There were quite a few posts on Andrew McAfee’ s keynote at the recnet Boston Enterprise 2.0 conference where he argues that machines are getting smarter than people.
Before we bow down too low to our new masters I would say “it depends.” As Don Norman argues in Things That Make Us Smart it is time for us to adopt a more human-centered perspective and to insist that informational technologies enhance and complement human cognitive capacities rather than undermine them.
Harvard historian Niall Ferguson wrote, “It is the unforeseen that causes the greatest disturbance, not the expected.” One of the skills that people have over computers is knowing where to look next and to quickly see anomalies. If you dumb down a task you will likely take away the person’s ability to see the unexpected.
Most external algorithms and machine driven intelligence rely on rules and predetermined taxonomies that can hide the unexpected. People-centric tools can enhance our natural, and perhaps evolutionary, cognitive abilities to notice the unexpected.
IBM’s Watson has demonstrated that you can build a machine to handle some level of cognition. However, this takes considerable effort. Watson was built and trained by a team of experts over a number of years. It uses math algorithms coupled with semantic analysis to allow it to understand a natural language question and determine the probability that its answer is correct.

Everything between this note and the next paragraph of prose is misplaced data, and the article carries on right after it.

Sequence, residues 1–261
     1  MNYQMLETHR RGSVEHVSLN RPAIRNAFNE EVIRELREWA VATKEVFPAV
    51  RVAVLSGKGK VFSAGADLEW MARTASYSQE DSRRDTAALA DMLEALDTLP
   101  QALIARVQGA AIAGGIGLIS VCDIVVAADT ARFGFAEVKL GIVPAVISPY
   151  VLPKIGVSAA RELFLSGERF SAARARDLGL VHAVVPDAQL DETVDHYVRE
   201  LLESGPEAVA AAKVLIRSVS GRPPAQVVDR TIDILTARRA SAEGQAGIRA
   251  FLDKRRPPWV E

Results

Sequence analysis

However, Watson is good for a very specific task and it is not perfect. The years of training may make it better than most, if not all, humans in playing Jeopardy. Although there is a debate as to whether it was really faster reaction times that caused its victory. Regardless, Watson will fail against humans in most of the other tasks we face every day as we just have too much flexibility in our processing power.
We sometimes underestimate our abilities. Recent research by Martin Hilbert (USC) and Priscilla Lopez (Open University of California) noted that all the computers in the world combined have just recently reached the processing capacity of one person. They wrote, "the 6.4*1018 instructions per second that human kind can carry out on its general-purpose computers in 2007 are in the same ballpark area as the maximum number of nerve impulses executed by one human brain per second."
So the issue is not whether computers will outpace people but how the two can work together. Computers are very good at doing boring tedious, repetitive tasks that drive people crazy at a rate and scale far beyond what people can do. This frees people up to do the more complex and interesting tasks.